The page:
George L. Foote was appointed in 1931 to fill the last 16 months
of the unexpired term of Judge Biggs. Born in 1867, Foote had practiced in Albion
and served as County Clerk. Prior to that, he was a Captain in 1916 in the Mexican
Border War and also served in World War I. After filling out the judicial term,
he returned to practice in Albion until his death in 1945.
Rob R. McNagny, son of a Congressman, served as the last joint
circuit court judge from 1932 to 1938. Born in Columbia City in 1884 he attended
Wabash College and graduated from the Chicago Art Institute. He joined his father’s
law firm, yet remained an accomplished artist and author. A dashing and beloved
figure, McNagny died in 1974.
In 1939 Noble County became its own judicial circuit. Fred L.
Bodenhafer was elected Judge and served until 1950. Born in 1876, Bodenhafer lived
in Kendallville and was up in years when elected. He was known to be short tempered,
pointed, but a keen legal scholar. He had little use for attorneys he regarded as
less intelligent than he. Bodenhafer had served in the General Assembly in 1905.
He died in 1952.
A. King was elected in 1951 and served until 1962. Judge King came from the Wabash
area and had moved to Noble County a few years prior to becoming judge. He bragged
that he knocked on every door in the county and he won the election easily. He presided
over the highly public trial involving the embezzlement of funds from the Noble
County Credit Union. During his term the elevator and 4th floor were installed.
He resided in Rome City and practiced in Kendallville until his retirement. He later
moved to Fort Wayne and survives today.
John C. Hagen served from 1963 through 1974. Born in Morocco,
Indiana in 1919, John attended Indiana University and was a life long fan of their
football and basketball teams. John also coached American Legion baseball. Judge
Hagen always believed that there was good in everyone and he attempted to bring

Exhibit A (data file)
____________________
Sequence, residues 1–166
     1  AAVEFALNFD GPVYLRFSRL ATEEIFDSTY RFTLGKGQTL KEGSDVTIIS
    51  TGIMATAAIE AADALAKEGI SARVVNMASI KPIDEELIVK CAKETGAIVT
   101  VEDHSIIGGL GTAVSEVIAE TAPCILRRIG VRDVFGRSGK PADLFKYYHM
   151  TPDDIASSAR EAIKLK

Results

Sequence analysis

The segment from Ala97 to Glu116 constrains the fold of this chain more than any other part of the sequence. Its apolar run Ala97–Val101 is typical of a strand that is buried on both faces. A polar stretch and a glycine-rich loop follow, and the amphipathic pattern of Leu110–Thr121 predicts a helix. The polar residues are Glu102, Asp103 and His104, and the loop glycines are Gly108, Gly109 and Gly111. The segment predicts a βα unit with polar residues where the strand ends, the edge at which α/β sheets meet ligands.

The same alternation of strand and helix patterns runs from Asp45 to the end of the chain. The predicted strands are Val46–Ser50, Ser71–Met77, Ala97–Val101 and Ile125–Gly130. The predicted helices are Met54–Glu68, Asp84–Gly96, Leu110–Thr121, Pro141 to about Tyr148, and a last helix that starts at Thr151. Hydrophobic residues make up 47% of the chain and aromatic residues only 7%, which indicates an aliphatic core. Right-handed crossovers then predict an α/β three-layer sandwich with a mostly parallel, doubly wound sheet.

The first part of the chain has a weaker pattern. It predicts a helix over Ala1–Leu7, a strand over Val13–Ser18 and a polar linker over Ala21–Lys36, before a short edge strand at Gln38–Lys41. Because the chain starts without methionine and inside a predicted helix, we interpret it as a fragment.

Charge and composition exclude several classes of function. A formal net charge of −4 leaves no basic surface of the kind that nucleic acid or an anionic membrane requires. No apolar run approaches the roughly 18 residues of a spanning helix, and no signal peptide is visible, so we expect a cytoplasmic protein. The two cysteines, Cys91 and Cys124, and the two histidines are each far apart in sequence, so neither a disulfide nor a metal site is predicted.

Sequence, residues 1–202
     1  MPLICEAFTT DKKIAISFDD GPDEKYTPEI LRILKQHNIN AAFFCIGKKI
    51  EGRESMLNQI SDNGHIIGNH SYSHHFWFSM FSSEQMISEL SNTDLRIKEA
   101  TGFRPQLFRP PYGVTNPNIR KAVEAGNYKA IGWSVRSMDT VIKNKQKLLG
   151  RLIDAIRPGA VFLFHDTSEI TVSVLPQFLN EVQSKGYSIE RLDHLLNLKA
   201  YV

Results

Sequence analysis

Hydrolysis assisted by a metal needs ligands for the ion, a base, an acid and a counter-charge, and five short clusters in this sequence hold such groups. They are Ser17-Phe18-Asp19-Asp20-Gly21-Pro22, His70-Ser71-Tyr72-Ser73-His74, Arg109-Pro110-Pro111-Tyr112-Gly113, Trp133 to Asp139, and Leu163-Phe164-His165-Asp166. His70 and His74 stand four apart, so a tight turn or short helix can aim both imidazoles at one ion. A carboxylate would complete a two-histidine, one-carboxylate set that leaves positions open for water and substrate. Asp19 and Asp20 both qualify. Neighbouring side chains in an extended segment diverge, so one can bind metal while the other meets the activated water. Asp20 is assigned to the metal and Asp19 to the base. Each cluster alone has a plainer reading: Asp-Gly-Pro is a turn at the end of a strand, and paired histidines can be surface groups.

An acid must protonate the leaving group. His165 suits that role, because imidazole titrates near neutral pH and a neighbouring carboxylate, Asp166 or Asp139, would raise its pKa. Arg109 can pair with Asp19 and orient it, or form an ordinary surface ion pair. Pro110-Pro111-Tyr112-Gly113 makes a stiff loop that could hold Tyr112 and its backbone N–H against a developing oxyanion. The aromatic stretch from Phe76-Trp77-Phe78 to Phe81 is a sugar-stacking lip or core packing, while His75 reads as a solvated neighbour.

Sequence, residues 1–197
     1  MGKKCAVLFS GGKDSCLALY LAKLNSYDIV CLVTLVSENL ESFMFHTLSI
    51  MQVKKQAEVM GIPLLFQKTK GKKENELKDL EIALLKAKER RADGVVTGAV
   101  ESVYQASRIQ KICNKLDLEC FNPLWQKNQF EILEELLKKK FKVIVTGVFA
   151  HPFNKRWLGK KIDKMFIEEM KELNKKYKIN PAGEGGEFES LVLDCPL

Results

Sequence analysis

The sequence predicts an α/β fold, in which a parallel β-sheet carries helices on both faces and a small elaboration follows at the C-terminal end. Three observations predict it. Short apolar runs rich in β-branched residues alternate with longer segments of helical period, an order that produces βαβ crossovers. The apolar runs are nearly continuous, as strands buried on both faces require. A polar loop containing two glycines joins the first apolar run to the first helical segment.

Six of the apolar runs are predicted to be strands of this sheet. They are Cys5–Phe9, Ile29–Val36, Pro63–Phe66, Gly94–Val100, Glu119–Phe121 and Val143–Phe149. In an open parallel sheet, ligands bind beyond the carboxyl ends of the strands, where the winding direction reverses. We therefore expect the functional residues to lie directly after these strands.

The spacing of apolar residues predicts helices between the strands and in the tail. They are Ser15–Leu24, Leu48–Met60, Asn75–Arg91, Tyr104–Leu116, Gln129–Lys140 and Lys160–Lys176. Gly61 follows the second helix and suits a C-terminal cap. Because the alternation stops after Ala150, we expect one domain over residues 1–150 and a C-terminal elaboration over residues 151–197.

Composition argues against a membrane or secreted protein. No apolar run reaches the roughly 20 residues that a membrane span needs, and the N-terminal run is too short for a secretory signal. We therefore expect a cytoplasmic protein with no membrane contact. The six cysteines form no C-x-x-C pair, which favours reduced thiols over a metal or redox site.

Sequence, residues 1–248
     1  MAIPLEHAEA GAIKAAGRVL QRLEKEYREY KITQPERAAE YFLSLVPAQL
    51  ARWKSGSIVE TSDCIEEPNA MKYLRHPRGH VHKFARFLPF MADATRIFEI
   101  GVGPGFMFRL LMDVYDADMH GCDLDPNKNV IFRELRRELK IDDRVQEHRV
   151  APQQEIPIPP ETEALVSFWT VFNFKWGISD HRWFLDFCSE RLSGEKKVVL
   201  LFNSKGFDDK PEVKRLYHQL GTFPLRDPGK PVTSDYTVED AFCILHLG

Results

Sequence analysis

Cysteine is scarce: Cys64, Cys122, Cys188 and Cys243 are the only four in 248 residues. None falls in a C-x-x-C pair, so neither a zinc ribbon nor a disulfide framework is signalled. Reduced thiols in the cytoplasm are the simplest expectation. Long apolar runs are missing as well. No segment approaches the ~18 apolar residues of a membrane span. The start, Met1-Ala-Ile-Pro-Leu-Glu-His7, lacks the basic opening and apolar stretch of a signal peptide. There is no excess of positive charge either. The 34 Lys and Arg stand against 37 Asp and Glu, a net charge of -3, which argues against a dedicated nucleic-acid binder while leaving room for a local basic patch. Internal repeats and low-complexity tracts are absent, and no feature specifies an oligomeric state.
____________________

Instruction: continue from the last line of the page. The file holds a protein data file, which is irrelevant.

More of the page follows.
out that good, if possible. He had a keen sense of humor and was universally liked
and respected. Hagen later practiced in Syracuse until his death in 1995. It was
written that all will miss “his sunny smile, infectious wit, kind heart and good
Robert C. Probst has the distinction of servicing the longest
time on the bench, from 1975 through 1998. He graduated from Valpo Law School and
practiced with his father. During his tenure the courtroom was reversed from the
south side to the north side, two Superior Courts were added and the caseload grew.
Judge Probst became one of the most beloved and respected judges in the state, having
a reputation of honesty and fairness. Adjoining counties often venued cases to Judge
Probst. His strong faith and devotion to his family gained him great respect in
the community. Born in Kendallville, Indiana in 1934, he survives today.
David Laur assumed the bench in 1999, having served as Noble County Prosecutor from
1975 to 1998. He is the longest serving elected official in Noble County history.
Born in 1947 in Hudson, Michigan, he graduated from high school in Holgate, Ohio
in 1965, attended undergraduate and law school at The Ohio State University and
passed the Indiana Bar in 1972.
While Prosecutor, he obtained a death sentence verdict for the murderer of Avilla
Town Marshall William Miner in 1983. Laur was also instrumental in obtaining convictions
for child neglect against Faith Assembly members whose children died when members
failed to seek medical attention.
In 2002, Judge Laur spearheaded the renovation of the Circuit Courtroom and assembled
the photos and biographies of the former judges. He created the Noble County Courts
Webpage, with links. In 2013, Judge Laur headed the formation of the Community Corrections
program, used to monitor and rehabilitate low risk offenders.
Note: Prior to the creation of judicial circuits, there were judges appointed by
the Governors of Indiana.
Gustavus A. Everts
Samuel C. Sample
Charles W. Ewing
Dudley H. Chase
John W. Wright
James E. Borden
Thomas H. Wilson
David S. Simons
Horatio M. Slack
Henry R. Burnam
Common Pleas Judges
James C. Bodley
Sanford J. Stoughton
William M. Clapp